This might seem to be a drastically different stance from my last post on the dangers of being overly emotional when it comes to property investment, however, I come into contact with a broad spectrum of investors, buyers, sellers, and tenants in my line of work. My purpose is to provide a balanced commentary, and to help moderate potentially self-harming behaviours I come across.
As I’ve mentioned in earlier posts, real estate, particularly residential property, is a very unique asset class. Even for brand new units direct from developers, units with exactly the same floor plan will have a slightly different view by virtue of the fact that 2 units cannot possibly occupy the exact same airspace, thus the views, elevation and orientation will be at least marginally if not drastically different.
I believe this is also why real estate contracts are one of the areas where specific performance can be ordered by the courts. I suppose it is recognised that sometimes monetary compensation simply cannot replace the enjoyment one obtains from owning a particular property.
If even homes with exactly the same layout can have nuances of difference, then is not rather artificial to compare homes on a per square foot basis? I can safely vouch by the sheer number of times I have people asking me, “what’s the floor size for this place, ah?”, that the average human being is unable to accurately gauge the floor area of a home. So why do we dwell so much upon this magic ratio of price to floor area?
I suppose it is difficult to quantify how pleasant or livable a space is in a strictly scientific manner. The pleasure one can potentially derive from a well-designed, ideally-located home is in fact priceless! But a good way to gauge the “homeliness” value of a property is how much a potential tenant is willing to pay to live in it. The irony is that transient tenants looking to stay in a home for a 2-3 year time line are, I think, a lot more focused on the value of a good home, whereas home buyers tend to get overly distracted by comparisons of numbers and ratios that may have little effect on the ultimate enjoyment of their homes.
The other point to note is that there are many ways in which transaction prices can be skewed. The condition of a unit, for instance, is not accounted for in simple psf comparisons. It is also perfectly possible to broker a deal whereby the buyer obtains a lower price than the seller’s original asking price, but agrees to lease back to the owner for a reasonable period at an attractive rental price. As the deal maker, it is the role of the property agent to determine the objectives of the parties and negotiate a happy middle ground. Very often selling price is not the only factor (though of course it’s a hugely important one!)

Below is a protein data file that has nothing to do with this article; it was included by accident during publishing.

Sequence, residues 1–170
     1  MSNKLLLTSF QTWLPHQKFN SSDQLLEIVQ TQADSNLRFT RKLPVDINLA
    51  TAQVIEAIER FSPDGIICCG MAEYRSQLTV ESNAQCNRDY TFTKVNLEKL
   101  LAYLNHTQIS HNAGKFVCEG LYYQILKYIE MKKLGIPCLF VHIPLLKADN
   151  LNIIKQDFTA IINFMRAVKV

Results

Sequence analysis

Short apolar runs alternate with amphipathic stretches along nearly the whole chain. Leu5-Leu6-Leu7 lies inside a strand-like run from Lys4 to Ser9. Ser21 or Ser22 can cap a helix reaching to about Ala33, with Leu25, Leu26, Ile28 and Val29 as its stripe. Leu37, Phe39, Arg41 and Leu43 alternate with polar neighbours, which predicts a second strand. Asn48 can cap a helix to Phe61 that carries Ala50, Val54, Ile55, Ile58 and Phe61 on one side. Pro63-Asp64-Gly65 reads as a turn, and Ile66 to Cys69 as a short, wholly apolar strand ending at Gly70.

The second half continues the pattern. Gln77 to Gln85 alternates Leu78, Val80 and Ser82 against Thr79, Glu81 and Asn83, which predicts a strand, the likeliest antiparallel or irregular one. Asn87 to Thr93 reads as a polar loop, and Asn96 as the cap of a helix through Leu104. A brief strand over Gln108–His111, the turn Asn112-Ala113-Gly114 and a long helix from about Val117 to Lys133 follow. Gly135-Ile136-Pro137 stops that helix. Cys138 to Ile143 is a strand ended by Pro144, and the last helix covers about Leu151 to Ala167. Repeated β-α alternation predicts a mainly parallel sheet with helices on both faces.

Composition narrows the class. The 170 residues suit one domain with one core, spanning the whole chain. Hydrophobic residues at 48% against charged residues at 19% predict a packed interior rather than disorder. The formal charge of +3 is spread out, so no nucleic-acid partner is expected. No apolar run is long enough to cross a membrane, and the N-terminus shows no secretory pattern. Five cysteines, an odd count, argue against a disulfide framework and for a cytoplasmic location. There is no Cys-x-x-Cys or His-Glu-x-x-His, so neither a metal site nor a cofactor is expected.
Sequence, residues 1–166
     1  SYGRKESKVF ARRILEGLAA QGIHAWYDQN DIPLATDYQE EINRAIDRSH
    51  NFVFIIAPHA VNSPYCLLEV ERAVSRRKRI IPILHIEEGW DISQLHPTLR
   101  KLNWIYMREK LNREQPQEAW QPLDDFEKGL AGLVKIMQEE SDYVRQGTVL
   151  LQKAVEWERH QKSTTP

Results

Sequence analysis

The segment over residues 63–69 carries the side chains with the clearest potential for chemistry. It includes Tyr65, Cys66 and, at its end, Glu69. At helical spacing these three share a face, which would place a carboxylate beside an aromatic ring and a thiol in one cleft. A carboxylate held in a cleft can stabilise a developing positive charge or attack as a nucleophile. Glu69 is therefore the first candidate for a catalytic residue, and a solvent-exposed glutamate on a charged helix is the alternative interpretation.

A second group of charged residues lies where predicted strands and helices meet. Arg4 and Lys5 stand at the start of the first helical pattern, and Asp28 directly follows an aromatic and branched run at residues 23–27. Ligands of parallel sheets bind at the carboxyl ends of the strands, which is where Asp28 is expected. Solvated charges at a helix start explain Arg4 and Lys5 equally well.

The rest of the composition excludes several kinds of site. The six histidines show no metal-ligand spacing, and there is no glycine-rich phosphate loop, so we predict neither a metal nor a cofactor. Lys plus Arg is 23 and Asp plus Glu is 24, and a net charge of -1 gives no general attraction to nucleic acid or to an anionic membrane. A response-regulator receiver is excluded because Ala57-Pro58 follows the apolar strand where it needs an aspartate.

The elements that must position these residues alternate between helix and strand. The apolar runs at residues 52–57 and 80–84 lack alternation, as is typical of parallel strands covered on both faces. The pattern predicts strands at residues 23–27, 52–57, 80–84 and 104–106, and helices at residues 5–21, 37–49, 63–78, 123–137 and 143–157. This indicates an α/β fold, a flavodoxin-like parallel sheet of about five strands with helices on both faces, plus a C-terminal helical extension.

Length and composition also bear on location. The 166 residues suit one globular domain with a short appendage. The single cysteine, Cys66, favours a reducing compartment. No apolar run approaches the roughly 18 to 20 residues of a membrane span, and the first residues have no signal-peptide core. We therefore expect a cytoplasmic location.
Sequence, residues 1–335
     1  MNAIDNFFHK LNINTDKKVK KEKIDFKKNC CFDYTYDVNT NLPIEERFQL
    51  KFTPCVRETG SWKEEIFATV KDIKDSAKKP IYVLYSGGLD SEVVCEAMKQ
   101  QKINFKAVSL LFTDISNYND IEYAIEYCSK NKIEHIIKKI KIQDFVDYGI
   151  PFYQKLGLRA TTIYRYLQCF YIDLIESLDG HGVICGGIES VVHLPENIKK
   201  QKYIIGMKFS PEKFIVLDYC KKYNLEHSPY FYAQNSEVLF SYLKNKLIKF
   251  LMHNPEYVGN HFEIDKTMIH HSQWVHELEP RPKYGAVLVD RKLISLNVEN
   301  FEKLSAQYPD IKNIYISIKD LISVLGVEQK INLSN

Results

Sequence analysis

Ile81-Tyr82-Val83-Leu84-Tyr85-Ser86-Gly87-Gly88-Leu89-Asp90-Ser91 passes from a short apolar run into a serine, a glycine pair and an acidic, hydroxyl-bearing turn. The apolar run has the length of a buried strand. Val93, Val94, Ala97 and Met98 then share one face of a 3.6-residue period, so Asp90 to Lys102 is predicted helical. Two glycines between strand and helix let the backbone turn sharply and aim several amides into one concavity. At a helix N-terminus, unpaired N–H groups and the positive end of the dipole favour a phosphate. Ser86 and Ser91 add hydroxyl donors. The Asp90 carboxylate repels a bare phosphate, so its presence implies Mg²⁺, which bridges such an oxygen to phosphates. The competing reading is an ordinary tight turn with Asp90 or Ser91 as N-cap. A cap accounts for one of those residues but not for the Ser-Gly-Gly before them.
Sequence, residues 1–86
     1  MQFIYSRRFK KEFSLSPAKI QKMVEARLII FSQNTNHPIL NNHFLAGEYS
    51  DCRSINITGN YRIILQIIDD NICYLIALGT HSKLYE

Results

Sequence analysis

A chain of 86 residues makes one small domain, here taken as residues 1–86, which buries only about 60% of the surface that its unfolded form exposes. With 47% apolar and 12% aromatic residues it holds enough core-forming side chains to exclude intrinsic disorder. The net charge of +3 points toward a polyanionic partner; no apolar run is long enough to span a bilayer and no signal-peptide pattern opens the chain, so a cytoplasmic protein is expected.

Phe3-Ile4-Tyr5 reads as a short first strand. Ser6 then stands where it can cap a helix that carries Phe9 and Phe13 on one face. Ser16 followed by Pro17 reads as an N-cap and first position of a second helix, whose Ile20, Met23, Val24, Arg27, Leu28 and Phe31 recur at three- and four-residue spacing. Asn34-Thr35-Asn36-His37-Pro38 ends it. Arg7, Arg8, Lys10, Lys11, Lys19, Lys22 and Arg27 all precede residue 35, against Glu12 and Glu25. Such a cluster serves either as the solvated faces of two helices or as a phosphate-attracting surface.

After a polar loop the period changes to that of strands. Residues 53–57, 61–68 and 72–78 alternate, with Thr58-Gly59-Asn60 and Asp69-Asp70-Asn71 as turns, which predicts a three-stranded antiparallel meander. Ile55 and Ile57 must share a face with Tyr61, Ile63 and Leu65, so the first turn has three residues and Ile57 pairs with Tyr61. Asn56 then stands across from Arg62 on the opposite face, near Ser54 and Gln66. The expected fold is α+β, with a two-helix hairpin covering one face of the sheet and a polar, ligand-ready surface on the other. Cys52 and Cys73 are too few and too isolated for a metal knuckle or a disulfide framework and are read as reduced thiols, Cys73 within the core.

This post was partly inspired by a prospective home buyer I met recently, who struggled with the idea of paying “above market $ psf”. He clearly loved the property I was marketing, bringing his family to view it not once, not twice, but thrice. As I told him, “market $ psf” is merely a snapshot of what has transacted to this point; today’s record price will be tomorrow’s market price. When we deal with property, we are not transacting a homogenous product that can be easily quantified in terms of $ per unit. It’s a real shame when people are unable to trust their own gut feel on a home and force themselves to conform to arbitrary figures.
Of course, that’s not to say that people should throw caution to the wind, ignore transacted psf prices, and just buy on blind gut feel. But I believe that psf prices should not be applied wholesale, but modified based on your own personal needs and preferences. Let your heart and your head work in tandem, rather than struggle between one or the other. We have a good guide on how to go about this here:- https://natashagoh.com/2012/06/13/how-much-should-you-pay/